The refusal of police to release the names of six officers involved in a violent confrontation with a mentally ill homeless man has sparked anger but legal experts said Friday there is significant debate about whether law enforcement can _ and should _ publicly identify police in such instances.
The Fullerton Police Department maintains it is not giving the officers special protections following last month's death of Kelly Thomas, 37, and the district attorney has launched an investigation into his death. The FBI has also initiated a criminal inquiry into whether the officers violated Thomas' civil rights.
Legal experts say that California law is murky on the question of whether law enforcement agencies should routinely release the names of cops involved in officer-involved deaths, and every department handles things differently depending on their interpretation of the law.
A number of cases currently working their way through the legal system address the tension between the full disclosure required by the state's public records law and another law that exempts key parts of police officers' personnel records, said Michael Gennaco, an independent consultant hired by Fullerton to investigate the Thomas case.
"It's certainly a legal issue that has been percolating up and down the state of California on a number of fronts," he said. "Arguments can be made in both directions about what disclosure is appropriate or what disclosure should occur."
If any of the officers in the Thomas case are criminally charged, their names would automatically become public record.
Barring that, getting the names could be an uphill legal battle depending on the approach taken by the district attorney and the local police department, said Merrick Bobb, executive director of the Police Assessment Resource Center, a non-profit that provides advice on police best practices nationwide.
So far, the Fullerton Police Department has declined to release the officers' names, as has the Orange County district attorney.
The district attorney this week rejected a public records request from The Orange County Register and cited a list of threats to the police following the July 5 incident in its response.
The city has not yet replied to a similar records request from the AP. The coroner's office also rejected an AP request for Thomas' autopsy report.
The decision angered Thomas' father and promises to reinvigorate protesters who have been marching each Saturday outside the Fullerton police station.
"Like everything they do, they cite officer safety, officer privacy, the officers' bill of rights. It's a double standard," said Thomas' father, Ron Thomas. "They're afraid for their safety. Well, you know what? My son was afraid for his safety and he lost that battle. We're all supposed to have rights, but they violated them to the highest extent."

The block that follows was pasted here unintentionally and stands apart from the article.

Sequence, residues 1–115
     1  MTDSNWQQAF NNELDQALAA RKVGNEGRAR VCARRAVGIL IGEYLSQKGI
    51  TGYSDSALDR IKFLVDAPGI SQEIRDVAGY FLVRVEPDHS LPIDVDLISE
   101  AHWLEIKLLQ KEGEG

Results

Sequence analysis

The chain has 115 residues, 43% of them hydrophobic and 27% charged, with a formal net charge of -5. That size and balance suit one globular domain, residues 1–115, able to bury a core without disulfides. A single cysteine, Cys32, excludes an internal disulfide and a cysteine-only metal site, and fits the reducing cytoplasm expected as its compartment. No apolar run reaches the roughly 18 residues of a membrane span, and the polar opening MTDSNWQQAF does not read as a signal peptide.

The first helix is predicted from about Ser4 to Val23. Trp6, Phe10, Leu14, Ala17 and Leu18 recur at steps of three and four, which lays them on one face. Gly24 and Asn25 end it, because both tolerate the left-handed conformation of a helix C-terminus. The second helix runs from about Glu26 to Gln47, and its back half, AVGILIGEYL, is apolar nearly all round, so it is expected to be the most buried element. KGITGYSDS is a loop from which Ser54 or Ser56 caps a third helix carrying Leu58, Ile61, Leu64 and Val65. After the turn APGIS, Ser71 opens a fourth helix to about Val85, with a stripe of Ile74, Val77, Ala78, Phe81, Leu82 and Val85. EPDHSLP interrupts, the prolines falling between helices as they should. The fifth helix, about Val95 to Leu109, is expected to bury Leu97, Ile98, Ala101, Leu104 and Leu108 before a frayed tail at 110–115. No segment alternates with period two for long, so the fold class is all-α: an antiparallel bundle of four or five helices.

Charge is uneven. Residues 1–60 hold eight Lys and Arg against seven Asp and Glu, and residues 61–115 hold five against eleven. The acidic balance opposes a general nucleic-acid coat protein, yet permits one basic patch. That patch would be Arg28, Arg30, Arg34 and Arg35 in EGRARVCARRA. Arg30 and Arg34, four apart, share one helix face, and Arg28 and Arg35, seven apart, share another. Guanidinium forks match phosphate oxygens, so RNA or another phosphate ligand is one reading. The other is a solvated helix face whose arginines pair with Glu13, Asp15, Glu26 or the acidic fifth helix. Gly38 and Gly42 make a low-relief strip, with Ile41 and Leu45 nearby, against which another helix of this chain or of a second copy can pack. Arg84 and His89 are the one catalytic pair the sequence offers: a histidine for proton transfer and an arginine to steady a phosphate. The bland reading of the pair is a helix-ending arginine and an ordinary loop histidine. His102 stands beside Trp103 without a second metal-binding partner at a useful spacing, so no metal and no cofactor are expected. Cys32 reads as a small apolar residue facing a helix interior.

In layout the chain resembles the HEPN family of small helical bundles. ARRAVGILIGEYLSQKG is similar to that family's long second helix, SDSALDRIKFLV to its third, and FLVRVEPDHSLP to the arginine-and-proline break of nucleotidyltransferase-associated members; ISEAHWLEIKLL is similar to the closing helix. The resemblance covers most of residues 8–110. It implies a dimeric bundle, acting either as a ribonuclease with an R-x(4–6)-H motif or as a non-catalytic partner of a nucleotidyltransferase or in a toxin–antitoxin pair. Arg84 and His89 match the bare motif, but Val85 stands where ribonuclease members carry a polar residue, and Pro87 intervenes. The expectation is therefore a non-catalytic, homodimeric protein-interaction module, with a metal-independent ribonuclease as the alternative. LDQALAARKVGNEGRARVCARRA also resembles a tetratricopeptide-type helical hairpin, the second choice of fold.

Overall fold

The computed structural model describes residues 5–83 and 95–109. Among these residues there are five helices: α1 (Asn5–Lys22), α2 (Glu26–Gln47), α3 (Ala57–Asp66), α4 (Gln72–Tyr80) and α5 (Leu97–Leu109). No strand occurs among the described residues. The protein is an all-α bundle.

If any officers are eventually charged, the names of those individuals will be released, but they are otherwise protected by the state law dealing with exemptions for things in their personnel files, such as internal investigations, disciplinary actions and performance evaluations, said Sgt. Andrew Goodrich, a spokesman for the Fullerton police.
The law is intended to protect officers in situations involving "the politics and the public fervor" generated by highly charged incidents such as the Thomas death, Goodrich said.
"You have these protections so you don't have a situation where a politician or the management of an organization decides it's politically expedient to take a certain action against a police officer.
"If I arrest the mayor's son, suddenly my job's in jeopardy for arresting the mayor's son. The decisions have to be made putting all the public pressures and politics aside," he said.
Bobb said a number of agencies statewide have interpreted the law the same way since the California Supreme Court handed down its decision in Copley vs. the Superior Court in 2006.
In that case, The Copley Press Inc. challenged the San Diego County Civil Service Commission's closure and sealing of the record regarding an unnamed officer who fought dismissal.
In their ruling, the justices said police officers deserve more protection than other government employees to, among other things, shield "peace officers from publication of frivolous or unwarranted charges."
"The state of the law is such that if they don't want to disclose, they do have some legal grounds for that decision," Bobb said. "If an officer is cleared, then there's no particular reason for his or her name to be made public and some choose not to do so."
Some lower courts, however, have ordered the names of officers released in other cases despite the Copley decision and a number of cases are still moving through the courts, making it an area of law that's still in flux, said Gennaco, the independent consultant.
In some of those cases, the agencies are arguing that the officers face threats if their names are revealed, he said.
That could be at play in the Thomas case, given the district attorney's listing of threats made to the police following the incident.
The current case is also interesting, Gennaco said, because it was a public action but the records requested do not, at this point, involve files from an internal affairs investigation.
The internal probe is on hold until the district attorney's investigation has concluded.
"There's no real guidance on that scenario on what a city needs to do or even what a city should do and I think the arguments could be made on both side for that," he said.
Associated Press writer Amy Taxin contributed to this report.